Directional atherectomy was performed on patients with symptomatic ischemic heart disease enrolled in the Coronary Angioplasty Versus Excisional Atherectomy Trial (CAVEAT).11 This study was approved by the Institutional Review Board of each participating institution and was conducted according to the principles of the Declaration of Helsinki. For this study, patients were considered to have unstable angina if they presented with a crescendo pattern of ischemic symptoms, including chest pain at rest and ECG evidence of ischemia during symptoms. Atherectomy specimens from all 12 patients in the CAVEAT trial who met this strict definition of unstable angina were used for this study. Culprit lesions were identified by the individual operator on the basis of clinical, ECG, and angiographic data. Patients were considered to have stable angina if their symptoms were predictably exertional without any of the components of unstable angina. Ninety-two patients enrolled in CAVEAT underwent atherectomy for stable angina. Of this group, 12 specimens were randomly chosen for inclusion in this study. Specimens of the left internal mammary artery were obtained surgically from 2 patients undergoing coronary artery bypass surgery and prepared and fixed in the same manner as the atherectomy specimens.
Antibodies were prepared as previously described,12 either by immunizing rabbits with the 92-kD form of neutrophil gelatinase obtained by preparative gel electrophoresis (IS3-70) or by immunizing rabbits with the purified native form of the proteinase (MH-1). Both antibodies have been shown to be monospecific by immunoblotting techniques13 and gave identical results when the tissues used for this study were immunostained.
All tissue specimens were prefixed in 4% paraformaldehyde for 2 hours, followed by incubation in a 30% sucrose solution overnight. A portion of the specimen was then postfixed in 10% formalin for light-microscopic analysis. These portions were ultimately embedded in paraffin and stained with hematoxylin and eosin or elastic tissue trichrome.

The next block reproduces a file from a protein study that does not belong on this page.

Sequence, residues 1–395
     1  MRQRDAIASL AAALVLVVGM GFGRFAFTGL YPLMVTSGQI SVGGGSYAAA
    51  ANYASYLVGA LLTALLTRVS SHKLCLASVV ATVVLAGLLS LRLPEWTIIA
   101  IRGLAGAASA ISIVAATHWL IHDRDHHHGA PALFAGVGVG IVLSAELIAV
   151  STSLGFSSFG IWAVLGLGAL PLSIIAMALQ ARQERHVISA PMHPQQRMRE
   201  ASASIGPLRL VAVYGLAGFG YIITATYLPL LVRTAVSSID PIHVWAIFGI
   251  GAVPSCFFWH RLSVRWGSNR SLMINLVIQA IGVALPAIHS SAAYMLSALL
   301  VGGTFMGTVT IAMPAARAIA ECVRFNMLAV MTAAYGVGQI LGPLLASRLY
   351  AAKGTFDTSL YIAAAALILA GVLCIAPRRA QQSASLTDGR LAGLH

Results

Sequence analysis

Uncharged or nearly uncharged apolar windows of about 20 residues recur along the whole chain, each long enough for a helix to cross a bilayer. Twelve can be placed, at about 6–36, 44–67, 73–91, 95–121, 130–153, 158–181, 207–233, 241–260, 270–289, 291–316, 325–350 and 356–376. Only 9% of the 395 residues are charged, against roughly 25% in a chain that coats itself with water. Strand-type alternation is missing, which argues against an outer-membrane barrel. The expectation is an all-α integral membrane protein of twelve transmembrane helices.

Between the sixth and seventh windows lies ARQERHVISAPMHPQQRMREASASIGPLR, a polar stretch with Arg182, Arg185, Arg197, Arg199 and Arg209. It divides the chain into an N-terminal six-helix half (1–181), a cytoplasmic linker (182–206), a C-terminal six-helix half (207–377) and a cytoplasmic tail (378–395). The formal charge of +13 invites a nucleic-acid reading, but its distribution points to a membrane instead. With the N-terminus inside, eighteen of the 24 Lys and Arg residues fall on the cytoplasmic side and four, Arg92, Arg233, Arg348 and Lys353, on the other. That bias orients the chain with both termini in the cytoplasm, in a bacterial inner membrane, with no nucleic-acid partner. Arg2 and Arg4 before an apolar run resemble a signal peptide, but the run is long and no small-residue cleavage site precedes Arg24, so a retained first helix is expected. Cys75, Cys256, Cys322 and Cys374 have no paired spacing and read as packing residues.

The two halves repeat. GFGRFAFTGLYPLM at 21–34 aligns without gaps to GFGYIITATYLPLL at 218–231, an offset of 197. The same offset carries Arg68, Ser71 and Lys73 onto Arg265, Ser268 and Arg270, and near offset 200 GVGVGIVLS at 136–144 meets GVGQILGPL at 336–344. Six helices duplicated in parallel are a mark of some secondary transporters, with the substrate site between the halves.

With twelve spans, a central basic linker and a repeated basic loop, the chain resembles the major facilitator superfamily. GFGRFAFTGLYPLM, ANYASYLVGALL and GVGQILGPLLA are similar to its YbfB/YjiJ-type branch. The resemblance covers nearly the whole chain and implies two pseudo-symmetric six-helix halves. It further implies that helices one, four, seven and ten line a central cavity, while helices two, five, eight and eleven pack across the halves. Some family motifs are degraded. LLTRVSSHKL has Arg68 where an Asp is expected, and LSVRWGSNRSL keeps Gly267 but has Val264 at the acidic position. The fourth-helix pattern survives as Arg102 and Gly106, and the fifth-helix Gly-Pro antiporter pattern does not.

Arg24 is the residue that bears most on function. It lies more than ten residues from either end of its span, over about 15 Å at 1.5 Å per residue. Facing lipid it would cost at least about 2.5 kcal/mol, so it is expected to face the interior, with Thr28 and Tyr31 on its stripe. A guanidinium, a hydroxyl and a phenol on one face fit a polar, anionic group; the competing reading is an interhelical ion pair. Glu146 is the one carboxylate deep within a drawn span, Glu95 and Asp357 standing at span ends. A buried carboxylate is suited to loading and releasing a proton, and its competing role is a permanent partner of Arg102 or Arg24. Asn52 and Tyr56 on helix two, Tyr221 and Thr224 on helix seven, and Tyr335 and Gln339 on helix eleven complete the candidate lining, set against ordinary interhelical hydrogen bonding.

The remaining portion of each specimen was embedded in OCT (Miles Diagnostics) and stored at −70°C before staining. In preparation for staining, specimens 6 μm thick were cut, applied to slides, and incubated in PBS for 5 minutes. Endogenous peroxidase activity was blocked by washing with 0.3% H2O2 for 5 minutes followed by two rinses in PBS. Slides were incubated with normal goat serum for 20 minutes. Primary antibody or negative control (normal rabbit serum), diluted 1:1000 in PBS/1% BSA, was applied for 45 minutes and followed by two 5-minute washes with PBS. Biotin-conjugated anti-rabbit secondary antibody (Vector Laboratories) was added for 45 minutes, after which two 5-minute washes with PBS were performed. Slides were incubated in avidin-biotin complex (Vector Laboratories) for 30 minutes and then washed twice in PBS. Diaminobenzidine was applied to slides for 5 minutes, followed by rinsing with distilled water. A 10-second counterstain with hematoxylin was performed. Staining of peripheral blood smears was used as a positive control. Negative staining with nonspecific rabbit IgG was documented for each experiment (results not shown).
Adjacent Section Immunostaining
Four frozen sections adjacent to those that stained positively for 92-kD gelatinase were cut, applied to slides, and incubated in PBS for 5 minutes. Slides were then incubated in 0.3% H2O2 for 5 minutes. Nonspecific protein binding was blocked by incubating slides in normal horse serum for 20 minutes. A different primary mouse antibody, HAM56 (IgM) for macrophages14 (Enzo Diagnostics), HHF35 (IgG1) for smooth muscle cells15 (Enzo Diagnostics), or DAKO-LCA (IgG1) (DAKO) for lymphocytes16 or negative control (nonspecific mouse IgG, Sigma Chemical Co) was added to each of the four slides for 20 minutes. Slides were then rinsed in PBS. Secondary anti-mouse antibody (Signet Laboratories) was added for 20 minutes and followed by washing in PBS. Slides were then incubated with avidin-biotin complex (Signet Laboratories) for 20 minutes, followed by a PBS wash. 3-Amino-9-ethylcarbazole substrate was added to the slides for 20 minutes. The slides were then washed with distilled water for 5 minutes and counterstained with hematoxylin for 10 seconds. The identity of cells that stained positively for 92-kD gelatinase was determined by identifying, in the three adjacent sections stained with cell type–specific antibodies, the cell type responsible for a positive immunoperoxidase reaction.